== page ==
Still not sure why you should compost your food waste? Just ask a second grader at Blaine Elementary School in Lakeview.
“Because the other food that you throw away that you think you can’t compost, has to go to a landfill and that’s not good,” says 2nd grader Chloe. “It makes all these gases that are really bad.”
“After we compost this, we take it to this big composting station (and) it will go into this special microwave and then it will turn into this rich soil so we can put it in some places in the environment,” adds her classmate Harrison.
These second graders are pretty much right—except about the microwave part. They learned this as part of an 8-week pilot program that’s got Blaine students collecting their lunch scraps every Friday this spring and sending them off to a commercial composter.
Partners in the program include the Chicago Community Trust, Loyola University, Seven Generations Ahead and Blaine parents. The final partner is CPS’s office of sustainability.
This was surprising, since less than a month ago — in response to a Freedom of Information Act request — the district told WBEZ that it neither “performs waste audits, nor knows of any schools that do.”
But today, the district acknowledges that there have actually been many such assessments in the district.
Blaine did theirs before starting the pilot and, according to parent Adam Brent, found huge potential for diverting trash from the landfill. .
“We came up with about an 88 percent diversion of total waste stream that would not go to the landfill if we separated out the food waste and the liquids,” Brent explained.
These numbers match up closely with those from audits across the city that show that roughly half of all milk is discarded while 25 to 30 percent of all food on the tray. One recent Harvard study indicates that 60 to 75 percent of all vegetables served in schools also end up in the trash.
CPS says it’s aware of the problem and encouraging schools to come up with creative solutions. Among these are dozens of on-site composting programs that have sprouted up all over the past decade.
Jen Nelson has been working on the issue for five years as Seven Generations’ Zero Waste Program Manager. She calls on-site composting program a good first step, but notes it can only really tackle fruits and vegetables.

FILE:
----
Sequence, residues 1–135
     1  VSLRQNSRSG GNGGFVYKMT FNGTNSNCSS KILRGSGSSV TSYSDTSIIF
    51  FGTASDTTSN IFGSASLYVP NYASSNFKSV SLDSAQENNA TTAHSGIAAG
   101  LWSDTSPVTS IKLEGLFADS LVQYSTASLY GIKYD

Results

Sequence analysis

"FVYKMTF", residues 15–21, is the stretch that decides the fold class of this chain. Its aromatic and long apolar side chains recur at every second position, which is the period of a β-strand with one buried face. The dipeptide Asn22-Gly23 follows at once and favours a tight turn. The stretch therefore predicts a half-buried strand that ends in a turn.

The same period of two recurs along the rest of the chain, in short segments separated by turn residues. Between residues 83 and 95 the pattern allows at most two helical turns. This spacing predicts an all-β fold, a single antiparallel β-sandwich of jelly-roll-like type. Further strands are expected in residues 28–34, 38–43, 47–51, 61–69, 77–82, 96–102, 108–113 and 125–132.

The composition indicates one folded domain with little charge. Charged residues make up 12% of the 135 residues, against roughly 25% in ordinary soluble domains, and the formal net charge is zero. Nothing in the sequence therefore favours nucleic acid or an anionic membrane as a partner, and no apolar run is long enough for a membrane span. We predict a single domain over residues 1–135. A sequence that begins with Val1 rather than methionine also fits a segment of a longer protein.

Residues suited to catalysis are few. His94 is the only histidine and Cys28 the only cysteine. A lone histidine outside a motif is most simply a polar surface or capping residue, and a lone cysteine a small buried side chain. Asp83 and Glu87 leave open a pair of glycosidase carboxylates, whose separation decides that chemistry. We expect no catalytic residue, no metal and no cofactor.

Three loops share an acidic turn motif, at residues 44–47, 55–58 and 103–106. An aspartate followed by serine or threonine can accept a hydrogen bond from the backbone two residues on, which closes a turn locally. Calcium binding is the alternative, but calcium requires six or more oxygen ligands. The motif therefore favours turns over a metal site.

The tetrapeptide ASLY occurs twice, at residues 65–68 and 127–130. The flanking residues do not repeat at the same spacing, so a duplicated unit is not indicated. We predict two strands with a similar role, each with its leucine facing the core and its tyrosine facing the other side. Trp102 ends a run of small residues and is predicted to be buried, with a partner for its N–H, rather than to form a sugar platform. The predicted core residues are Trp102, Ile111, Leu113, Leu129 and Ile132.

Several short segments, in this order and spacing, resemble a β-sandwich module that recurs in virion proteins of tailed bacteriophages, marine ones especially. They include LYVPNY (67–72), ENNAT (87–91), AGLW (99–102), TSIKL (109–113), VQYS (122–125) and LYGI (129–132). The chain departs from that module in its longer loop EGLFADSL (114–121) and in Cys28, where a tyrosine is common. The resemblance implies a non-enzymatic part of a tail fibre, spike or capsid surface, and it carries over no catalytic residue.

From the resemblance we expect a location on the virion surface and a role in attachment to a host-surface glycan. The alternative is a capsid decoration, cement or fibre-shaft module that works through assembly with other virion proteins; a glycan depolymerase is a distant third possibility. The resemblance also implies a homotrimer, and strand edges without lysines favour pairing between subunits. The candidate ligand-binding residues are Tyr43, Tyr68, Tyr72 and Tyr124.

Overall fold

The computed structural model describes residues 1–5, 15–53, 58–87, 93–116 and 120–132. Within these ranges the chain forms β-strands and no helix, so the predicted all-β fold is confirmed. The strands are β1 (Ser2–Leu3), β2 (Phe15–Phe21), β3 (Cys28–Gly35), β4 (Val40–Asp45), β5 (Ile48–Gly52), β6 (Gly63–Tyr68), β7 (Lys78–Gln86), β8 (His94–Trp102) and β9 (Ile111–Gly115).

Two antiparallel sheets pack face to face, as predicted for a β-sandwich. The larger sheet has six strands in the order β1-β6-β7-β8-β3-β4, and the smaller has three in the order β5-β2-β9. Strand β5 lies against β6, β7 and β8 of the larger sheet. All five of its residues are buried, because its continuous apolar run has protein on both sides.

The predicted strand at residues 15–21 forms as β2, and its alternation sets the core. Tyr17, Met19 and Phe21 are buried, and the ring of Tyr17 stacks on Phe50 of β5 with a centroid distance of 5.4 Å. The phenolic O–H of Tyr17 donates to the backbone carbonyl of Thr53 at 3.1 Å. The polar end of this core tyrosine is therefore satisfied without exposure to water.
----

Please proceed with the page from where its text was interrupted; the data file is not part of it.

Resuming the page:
“But when you can look at opportunities for commercial composting you can all of the sudden get to the meat and dairy and bones and much larger volume of that food waste,” Nelson said.
For instance, the day we visited Blaine, compost bins were full of half-eaten pizza that would’ve otherwise ended up in the landfill.
Still, the 45 pounds of scraps that Blaine collects each week represent a drop in the bucket. The project’s primary goal is to figure out how to expand commercial school composting in Illinois, a state where it’s still much cheaper to send scraps to the landfill.
But if Nelson has her way, that won’t be the case for long. She serves on the Illinois Food Scrap Coalition aimed at making composting as attractive in Illinois as it is in states like California. And she says that getting groups like CPS on board, could be key.
“I spoke to a gentleman who owns a compost facility out of state and his comment to me was ‘wow, if Chicago Public Schools were doing commercial composting I would site a facility near Chicago as quickly as I could because it would be worth it. I could make money from that’.”
If and when all of the pieces fall into place, Nelson estimates that the district could divert more than 13,000 tons of its CPS cafeteria waste from the landfill each year.
But the physical matter of waste reduction is just part of the story. This spring, Nelson trained dozens of teachers in a new “zero waste” curriculum (in alignment with Common Core) that will roll out to CPS classrooms in the fall.
“We’ve been having a lot of fun training teachers and giving them really cool hands-on activities like making a model landfill and model compost in a two liter bottle,” she said. “The students can build it and observe the differences between the two systems and see why things can biodegrade in one and not in the other. It’s an exciting opportunity to help teachers really bring it into the classroom.”
Finally, Nelson says an even broader goal is to plant the seeds for a new healthy crop of what she calls “zero waste ambassadors.”
And from the words of the precocious second graders at Blaine, it sounds like this crop is well on its way to taking root.